Or you know we could have paid 4.55mil for Jagr to help Cervenka out…

  • Michael

    1. Wideman – I’m not really sure what the Flames have in Wideman. He does add some offense to a ‘offensively’ challenged blue line, but he doesnt seem that great in his own end. Overpaid for sure, the fourth and fifth years of this contract are going to kill us.

    2. Sarich, The Flames are flush with bottom end d men. Yes, Sarich can hit, but their must be better options for $2 million.

    3. Hudler, Not a terrible ‘free agent’ deal on paper, we added a second line forward without giving up assets. But, see #4, not sure that we needed another small forward.

    4. Look at the top 9 forwards (Cammy, Tanquay, Iggy, Glencross, Cervenka, Hudler, Comeau, Backlund and Stempniak). More skill, yes, but these guys are going to play 50+ minutes per night, who exactly is going to hard to play against? Most teams know to leave Iggy alone (if you hit him he wakes up physically), Glencross adds some grit, but the rest of them are small, soft and don’t naturally hit. A repeat of the Montreal experiment (small skilled forwards), this team will get crushed against bigger opposition. Didn’t Montreal just add grit and then more grit.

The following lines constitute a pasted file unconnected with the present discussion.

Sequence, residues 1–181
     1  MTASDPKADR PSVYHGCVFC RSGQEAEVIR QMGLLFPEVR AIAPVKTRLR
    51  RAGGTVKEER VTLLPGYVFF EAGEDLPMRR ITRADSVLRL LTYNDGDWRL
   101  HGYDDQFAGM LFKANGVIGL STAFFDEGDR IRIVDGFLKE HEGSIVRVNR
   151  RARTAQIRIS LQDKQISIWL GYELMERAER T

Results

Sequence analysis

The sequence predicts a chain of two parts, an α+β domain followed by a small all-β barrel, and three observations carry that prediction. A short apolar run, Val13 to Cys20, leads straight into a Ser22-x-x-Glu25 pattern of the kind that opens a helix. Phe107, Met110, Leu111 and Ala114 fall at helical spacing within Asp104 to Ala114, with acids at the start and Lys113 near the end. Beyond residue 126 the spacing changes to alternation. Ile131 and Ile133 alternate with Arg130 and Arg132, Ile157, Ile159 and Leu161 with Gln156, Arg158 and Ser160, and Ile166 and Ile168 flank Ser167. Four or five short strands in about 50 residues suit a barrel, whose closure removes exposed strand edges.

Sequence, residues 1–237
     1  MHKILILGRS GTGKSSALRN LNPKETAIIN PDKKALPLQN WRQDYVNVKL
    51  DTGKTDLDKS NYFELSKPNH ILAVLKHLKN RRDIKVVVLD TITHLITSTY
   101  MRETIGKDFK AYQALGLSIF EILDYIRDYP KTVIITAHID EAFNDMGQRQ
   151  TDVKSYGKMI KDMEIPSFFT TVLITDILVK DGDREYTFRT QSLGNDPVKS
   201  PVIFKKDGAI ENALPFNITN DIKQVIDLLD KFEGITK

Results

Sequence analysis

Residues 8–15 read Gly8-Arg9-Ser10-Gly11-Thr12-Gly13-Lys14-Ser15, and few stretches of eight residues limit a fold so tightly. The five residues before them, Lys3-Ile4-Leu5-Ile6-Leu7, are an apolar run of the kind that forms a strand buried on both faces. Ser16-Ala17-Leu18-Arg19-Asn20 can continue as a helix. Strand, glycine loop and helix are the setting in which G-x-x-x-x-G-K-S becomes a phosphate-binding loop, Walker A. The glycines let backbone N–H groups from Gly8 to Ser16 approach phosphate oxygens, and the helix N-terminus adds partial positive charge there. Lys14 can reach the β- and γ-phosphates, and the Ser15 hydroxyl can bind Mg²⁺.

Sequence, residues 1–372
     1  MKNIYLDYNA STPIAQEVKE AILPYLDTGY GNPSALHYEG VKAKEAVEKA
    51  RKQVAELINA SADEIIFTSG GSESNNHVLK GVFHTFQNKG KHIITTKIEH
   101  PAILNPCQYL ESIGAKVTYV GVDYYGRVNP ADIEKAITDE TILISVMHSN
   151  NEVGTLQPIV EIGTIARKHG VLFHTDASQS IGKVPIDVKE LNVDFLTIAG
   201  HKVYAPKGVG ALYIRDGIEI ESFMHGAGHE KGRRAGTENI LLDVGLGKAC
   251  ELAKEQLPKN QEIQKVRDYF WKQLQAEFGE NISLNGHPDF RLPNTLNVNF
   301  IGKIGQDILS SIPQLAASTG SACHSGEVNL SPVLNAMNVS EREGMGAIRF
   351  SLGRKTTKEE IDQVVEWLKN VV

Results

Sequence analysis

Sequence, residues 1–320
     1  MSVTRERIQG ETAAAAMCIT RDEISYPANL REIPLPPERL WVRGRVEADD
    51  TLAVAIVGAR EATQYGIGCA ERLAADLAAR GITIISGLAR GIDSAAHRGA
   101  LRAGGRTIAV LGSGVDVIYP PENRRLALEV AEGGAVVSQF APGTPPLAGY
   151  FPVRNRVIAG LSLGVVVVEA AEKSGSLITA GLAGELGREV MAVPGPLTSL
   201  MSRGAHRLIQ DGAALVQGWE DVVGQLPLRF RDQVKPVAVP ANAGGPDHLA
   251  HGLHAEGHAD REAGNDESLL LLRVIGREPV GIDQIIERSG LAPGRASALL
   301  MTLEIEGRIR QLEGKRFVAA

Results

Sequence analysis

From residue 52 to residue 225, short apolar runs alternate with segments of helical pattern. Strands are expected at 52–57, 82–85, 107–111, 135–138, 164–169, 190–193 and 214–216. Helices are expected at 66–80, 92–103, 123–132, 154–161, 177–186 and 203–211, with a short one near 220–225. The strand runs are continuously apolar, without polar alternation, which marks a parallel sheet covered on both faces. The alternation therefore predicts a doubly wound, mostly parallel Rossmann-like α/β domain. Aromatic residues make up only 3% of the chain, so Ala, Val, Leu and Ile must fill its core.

• Colin.S

    @Everton

    I really don’t get this obsession with size, especially the bottom 6, we don’t need McGratton and Goddard mitt chuckers. Having a little more skill in the bottom six isn’t a bad thing, especially if they can beat up on other teams still employing bottom pairings of goons and mitt chuckers.

    And if you are not drafting it for the top 6 then trying to acquire it vye trade or UFA is going to cost HUGE.

    • everton fc

      Colin:

      Find one comment I’ve made here where I’ve talked about us signing guys like McGrattan and Godard.

      Not one.

      And I’m talking size/speed/skill/grit in both the top and bottom 6, as well as on the backend.

      This should be the direction of our rebuild.

  • Colin.S

    Le sigh. Like so much of the Flames, it isn’t that these mistakes are gargantuan Wade Redden-esque monstrosities. It is just a series of mediocre miscalculations that results in 9th place finishes year after year.

    While the big deals are easier to focus on, I look at the Jones, Comeau, Stempniak re-signings, assume a Backlund signing is coming and then look at what should be our near NHL ready group of Horak, Byron, Nemisz, Bouma. These guys should at least be stepping into the 3rd or 4th lines at this point, saving cap space by providing useful minutes on ELC deals. Instead, we have Comeau, Jones and human punch line Matt Stajan filling those roles at a higher price.

    When looking at the spending situation, I think it is also worthwhile to realize that from an internal budgeting situation, the Flames will likely be spending no more than $70.2 million on actual salary. They continue to have a host of sub-cap actual salaries on the books. I think that explains some of the spending we are seeing. I have the Flames with a total cap-hit above salary of about $5 million. So even though they will be capped out, they will not be spending as much as they have in prior years.

  • Tenbrucelees

    Given that Feaster is almost certainly under instruction to try everything to get into the playoffs, I would be interested in knowing what you think Feaster should have done differently? (I’ll give you probably not signing Sarich ….which is a head scratcher)